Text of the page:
Because the seams were porous the pieces were completely encased in glaze. But a plate couldn’t of course just float around loose in the kiln, it had to be stood during firing on a triangular ceramic stilt, which left three small marks on the underside. These marks are called spur marks and are a characteristic of flintware in particular.
What is bone china?
Bone china has a strength and white sheen to it which is quite exceptional (firing temperature around 1250 degrees). It contains 40-50% animal bone ash, an English innovation patented in 1748. It has a high impact resistance, which is why it’s often used in restaurant dinnerware.
At Rörstrand, bone china was manufactured as a luxury material from 1857 to 1926, when the Stockholm factory was closed down. It was a speciality of the Gustavsberg porcelain factory as well, where it was made with pride. Bone china is extremely translucent, which you can test yourselves by holding a piece of it up to a light.
What is stoneware?
Stoneware is a high fire ceramic (approx. 1280 degrees). The grains in the clay mass have vitrified, merged and formed a harder, grey seam which is non-porous. With advanced glazing techniques stoneware was mainly used as an artistic material during the 1900s, but also to make tableware and items for everyday use.
When the shaped piece had dried it became so hard that it could be both decorated and glazed without previous bisque firing. If a stoneware plate is turned upside down you can see that the foot ring isn’t glazed. It doesn’t need to be as the seam is so impermeable and hard that it doesn’t absorb any moisture.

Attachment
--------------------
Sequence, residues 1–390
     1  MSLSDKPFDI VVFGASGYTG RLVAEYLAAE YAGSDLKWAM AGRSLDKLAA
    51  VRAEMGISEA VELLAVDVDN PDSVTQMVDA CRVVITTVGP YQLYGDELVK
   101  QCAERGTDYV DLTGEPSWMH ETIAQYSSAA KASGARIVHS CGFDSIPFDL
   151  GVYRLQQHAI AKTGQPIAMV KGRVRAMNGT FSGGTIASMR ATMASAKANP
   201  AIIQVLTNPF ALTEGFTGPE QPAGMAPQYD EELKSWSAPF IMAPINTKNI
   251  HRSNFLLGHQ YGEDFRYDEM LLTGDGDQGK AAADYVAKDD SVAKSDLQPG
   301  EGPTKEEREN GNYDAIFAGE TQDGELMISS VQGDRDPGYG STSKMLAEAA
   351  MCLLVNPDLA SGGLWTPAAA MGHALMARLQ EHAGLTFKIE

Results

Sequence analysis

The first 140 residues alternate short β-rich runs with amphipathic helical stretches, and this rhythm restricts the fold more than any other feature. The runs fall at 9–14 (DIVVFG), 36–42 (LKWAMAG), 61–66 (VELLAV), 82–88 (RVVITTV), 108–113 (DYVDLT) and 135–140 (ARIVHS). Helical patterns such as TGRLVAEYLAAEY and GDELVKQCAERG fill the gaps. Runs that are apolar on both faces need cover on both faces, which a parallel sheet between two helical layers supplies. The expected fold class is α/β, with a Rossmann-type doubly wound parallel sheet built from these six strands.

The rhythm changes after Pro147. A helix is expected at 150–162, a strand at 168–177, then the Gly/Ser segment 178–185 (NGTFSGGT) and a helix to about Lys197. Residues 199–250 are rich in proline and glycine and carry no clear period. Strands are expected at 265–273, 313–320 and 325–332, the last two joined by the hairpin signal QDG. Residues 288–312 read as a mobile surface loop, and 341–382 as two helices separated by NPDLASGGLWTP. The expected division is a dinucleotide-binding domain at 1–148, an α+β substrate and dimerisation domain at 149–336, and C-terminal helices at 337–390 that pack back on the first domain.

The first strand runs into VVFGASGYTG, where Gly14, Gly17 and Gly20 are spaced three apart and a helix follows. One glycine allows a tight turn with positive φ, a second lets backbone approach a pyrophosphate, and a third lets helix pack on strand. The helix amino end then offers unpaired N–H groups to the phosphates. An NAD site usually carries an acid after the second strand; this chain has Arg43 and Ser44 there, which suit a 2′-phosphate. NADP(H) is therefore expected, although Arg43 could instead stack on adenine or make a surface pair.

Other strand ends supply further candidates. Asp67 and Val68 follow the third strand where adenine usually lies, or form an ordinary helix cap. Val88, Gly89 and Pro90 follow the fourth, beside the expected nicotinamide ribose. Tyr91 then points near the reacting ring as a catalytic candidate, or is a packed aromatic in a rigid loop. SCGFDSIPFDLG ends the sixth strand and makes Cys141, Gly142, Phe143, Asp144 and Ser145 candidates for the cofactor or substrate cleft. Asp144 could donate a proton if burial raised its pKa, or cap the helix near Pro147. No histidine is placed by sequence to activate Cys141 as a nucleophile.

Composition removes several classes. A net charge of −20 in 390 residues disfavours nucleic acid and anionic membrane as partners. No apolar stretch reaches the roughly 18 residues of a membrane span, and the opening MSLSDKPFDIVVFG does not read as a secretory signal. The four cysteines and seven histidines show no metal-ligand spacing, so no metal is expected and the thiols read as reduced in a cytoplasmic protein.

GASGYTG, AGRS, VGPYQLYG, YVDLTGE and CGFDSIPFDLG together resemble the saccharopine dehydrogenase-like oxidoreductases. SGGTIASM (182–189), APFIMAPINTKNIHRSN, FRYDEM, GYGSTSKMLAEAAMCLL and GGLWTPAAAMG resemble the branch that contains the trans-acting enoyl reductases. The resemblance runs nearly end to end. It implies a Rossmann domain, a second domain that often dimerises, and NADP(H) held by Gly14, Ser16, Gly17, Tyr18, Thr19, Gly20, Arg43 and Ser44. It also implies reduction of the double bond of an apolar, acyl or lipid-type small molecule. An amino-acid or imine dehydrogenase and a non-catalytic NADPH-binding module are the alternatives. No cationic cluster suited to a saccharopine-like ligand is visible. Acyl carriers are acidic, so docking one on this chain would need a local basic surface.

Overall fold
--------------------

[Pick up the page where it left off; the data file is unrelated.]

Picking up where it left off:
What is feldspar porcelain?
The backbone of feldspar porcelain is the kaolin, a clean white-burning primary clay which is still found in its original location, for example in Kao Ling in China, where mankind’s history of porcelain originated in the 7th century.
Kaolin, quartz and feldspar make up feldspar porcelain which is fired at a high temperature (1400 degrees) and produces a white, translucent seam which is non-porous. Rörstrand started to make feldpsar porcelain in the 1870s and it has become the most common material used by the brand since then.
Lead in old porcelain?
We can’t comment on specific dinnerware but can give general advice. Lead was present in the paints as well as the glazes and actual ceramic pieces, mainly during the production of flintware and bone china, but it was primarily a danger to the health of those who worked on the actual manufacture of it, in the glazing and clay preparation rooms. If the piece is in good condition with a smooth, glossy glaze it should be fine to use, but if on the other hand the surface is dull, porous or chipped then it shouldn’t be used, mainly as the glaze has then lost its ability to act as as a hygenic shield.
Literature about Rörstrand
Stora boken om Rörstrand by Bengt Nyström, Petter Eklund and others (2020)
Rörstrand i Stockholm by Carl-Henrik Anckarberg and Bengt Nyström (2007)
Rörstrands serviser by Bengt Nyström and Peter Stenberg (2016)
Art noveau från Rörstrand by Markus Dimdal (2016)
Gunnar Nylund – Konstnär och industriformgivare by Petter Eklund (2017) Stålhane by Petter Eklund and Patrik Johansson (2005)